Do plants have a policy? It may seem like an absurd question. We could see something like politics in social animals like ants, crows, and elephants. But plants – aren’t they just vegetables?
“By perceiving plants as being much closer to the inorganic world than to the abundance of life, we are making a fundamental mistake in perspective that could be dear to us.” warns the Italian botanist Stefano Mancuso in his latest book The Nation of Plants. Mancuso is director of the International Laboratory for Plant Neurobiology at the University of Florence and is a leader in the upcoming study of what he calls plant intelligence. Some biologists say that since plants do not have neurons, plant neurobiology is an oxymoron. They reject the field as ado about nothing – like the famous but ultimately debunked 1973 work, The Secret Life of Plants, in which everyone played Mozart for their ferns, but which is now viewed as a confused and desirable attempt to give plants a feeling lend that they just don’t have.
However, research by Mancuso and others has shown that plants communicate, perceive and react to each other and to their surroundings and can even show something like memory. Plants may lack a brain, but as Mancuso argued in popular books such as Brilliant Green (co-authored with journalist Alessandra Viola in 2015), they are by no means inferior to animals when it comes to biological sophistication or evolutionary ingenuity. In The Nation of Plants, Mancuso semi-seriously suggests that they might even be smarter than humans about the way they live together.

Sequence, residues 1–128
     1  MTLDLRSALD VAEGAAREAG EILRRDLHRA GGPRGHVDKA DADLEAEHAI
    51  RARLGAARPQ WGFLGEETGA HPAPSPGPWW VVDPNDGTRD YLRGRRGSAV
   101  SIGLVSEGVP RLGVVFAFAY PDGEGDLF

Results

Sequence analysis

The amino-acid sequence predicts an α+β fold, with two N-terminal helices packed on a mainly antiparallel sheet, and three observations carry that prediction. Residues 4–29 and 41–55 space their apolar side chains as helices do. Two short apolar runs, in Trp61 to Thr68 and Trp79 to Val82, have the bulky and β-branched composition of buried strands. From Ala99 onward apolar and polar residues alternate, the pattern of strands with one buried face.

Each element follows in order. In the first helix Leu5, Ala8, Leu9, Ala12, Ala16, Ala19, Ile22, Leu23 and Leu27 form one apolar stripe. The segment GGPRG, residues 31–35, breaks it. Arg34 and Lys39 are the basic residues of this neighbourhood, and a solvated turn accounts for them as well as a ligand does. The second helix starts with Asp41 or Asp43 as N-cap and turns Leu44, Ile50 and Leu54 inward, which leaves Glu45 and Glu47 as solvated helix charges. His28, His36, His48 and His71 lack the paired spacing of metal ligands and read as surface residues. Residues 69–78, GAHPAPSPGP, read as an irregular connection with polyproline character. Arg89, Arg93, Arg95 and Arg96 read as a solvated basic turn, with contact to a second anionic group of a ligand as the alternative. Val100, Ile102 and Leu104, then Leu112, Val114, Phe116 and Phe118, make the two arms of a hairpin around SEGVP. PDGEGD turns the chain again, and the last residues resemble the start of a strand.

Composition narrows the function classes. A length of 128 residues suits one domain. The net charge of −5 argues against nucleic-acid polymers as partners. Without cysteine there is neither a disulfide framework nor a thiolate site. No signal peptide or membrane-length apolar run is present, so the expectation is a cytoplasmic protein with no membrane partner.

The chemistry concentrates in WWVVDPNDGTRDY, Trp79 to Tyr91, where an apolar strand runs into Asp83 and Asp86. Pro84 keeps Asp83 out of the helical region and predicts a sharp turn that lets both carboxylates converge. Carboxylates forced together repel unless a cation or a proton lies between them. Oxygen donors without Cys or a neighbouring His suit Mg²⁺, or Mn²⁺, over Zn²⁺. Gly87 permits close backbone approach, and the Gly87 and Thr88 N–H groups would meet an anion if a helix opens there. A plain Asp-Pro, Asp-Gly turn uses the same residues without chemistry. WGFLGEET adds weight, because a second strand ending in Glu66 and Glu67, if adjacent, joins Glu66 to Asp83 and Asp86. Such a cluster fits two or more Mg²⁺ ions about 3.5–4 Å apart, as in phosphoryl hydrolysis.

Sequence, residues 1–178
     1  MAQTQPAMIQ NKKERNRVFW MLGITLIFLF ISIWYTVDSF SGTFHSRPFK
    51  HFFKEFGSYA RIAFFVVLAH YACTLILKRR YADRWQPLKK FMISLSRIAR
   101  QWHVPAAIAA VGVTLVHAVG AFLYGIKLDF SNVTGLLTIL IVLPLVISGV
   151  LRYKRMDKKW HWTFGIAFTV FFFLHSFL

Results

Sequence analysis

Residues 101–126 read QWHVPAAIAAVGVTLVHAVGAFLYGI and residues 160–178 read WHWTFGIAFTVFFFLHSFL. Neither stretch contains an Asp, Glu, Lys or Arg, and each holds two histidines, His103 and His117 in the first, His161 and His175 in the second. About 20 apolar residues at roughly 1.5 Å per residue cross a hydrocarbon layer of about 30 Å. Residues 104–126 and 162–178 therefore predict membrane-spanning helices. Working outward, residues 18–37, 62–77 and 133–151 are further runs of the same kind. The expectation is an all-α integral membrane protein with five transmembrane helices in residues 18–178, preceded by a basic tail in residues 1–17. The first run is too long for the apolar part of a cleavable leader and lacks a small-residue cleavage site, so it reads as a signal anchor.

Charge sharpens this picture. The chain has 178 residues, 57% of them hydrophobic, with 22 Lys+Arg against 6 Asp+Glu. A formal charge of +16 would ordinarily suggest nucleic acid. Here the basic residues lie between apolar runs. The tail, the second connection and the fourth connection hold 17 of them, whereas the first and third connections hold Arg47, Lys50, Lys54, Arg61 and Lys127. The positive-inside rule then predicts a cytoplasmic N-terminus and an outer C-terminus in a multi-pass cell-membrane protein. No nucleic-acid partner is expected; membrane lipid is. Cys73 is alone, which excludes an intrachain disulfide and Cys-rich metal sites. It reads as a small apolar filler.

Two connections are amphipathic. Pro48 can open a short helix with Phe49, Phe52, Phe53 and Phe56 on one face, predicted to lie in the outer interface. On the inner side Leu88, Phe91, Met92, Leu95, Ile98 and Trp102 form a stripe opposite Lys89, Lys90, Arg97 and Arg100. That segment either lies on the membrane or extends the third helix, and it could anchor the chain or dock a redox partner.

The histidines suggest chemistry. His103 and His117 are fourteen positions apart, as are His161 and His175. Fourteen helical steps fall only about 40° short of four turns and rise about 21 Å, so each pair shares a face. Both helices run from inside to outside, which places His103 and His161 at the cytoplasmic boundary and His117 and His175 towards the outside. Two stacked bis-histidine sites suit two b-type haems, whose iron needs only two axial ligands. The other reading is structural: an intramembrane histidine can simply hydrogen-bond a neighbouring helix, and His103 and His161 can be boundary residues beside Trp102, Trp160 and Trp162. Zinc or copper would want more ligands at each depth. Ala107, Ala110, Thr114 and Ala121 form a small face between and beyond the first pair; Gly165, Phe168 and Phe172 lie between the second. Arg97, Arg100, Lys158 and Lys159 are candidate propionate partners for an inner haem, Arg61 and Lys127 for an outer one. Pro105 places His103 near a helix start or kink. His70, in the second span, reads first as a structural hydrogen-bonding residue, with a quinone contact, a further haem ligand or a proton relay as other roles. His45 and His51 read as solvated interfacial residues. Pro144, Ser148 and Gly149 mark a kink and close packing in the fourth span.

(Photo: Courtesy Penguin Random House)
In this short, airy book, skillfully translated by Gregory Conti, Mancuso argues that we should see plants as more than just a backdrop for our campsites, a decoration for our garden, or even a carbon capture tool, however as a resource for our politics. He invites us to conduct an unlikely thought experiment: If plants could write a constitution, what would that mean? The book begins with an imaginary address by a representative of the Nation of Plants to our United Nations. The spokesman – Mancuso does not state his species – advocates looking after the wisdom of the community, which makes up 80 percent of the world’s biomass (humanity weighs only 0.0000001 percent) and has members who have survived up to 350 uninterruptedly Millions of years. Mancuso offers his services as an interpreter for the plants and then guides us through the eight articles of their constitution.
Much of this constitution will not surprise anyone who has spent time thinking about protecting the environment or anyone who has a garden. Take Article 1: “The earth should be the common home of life. The sovereignty should relate to every living being. “We have entrusted the fate of the world to what Mancuso calls the Lords of the Planet, a tiny group within a“ very presumptuous individual ”- say, USA Senators. It’s absurd to think about it, writes Mancuso, and The Nation of Plants offers a more democratic alternative.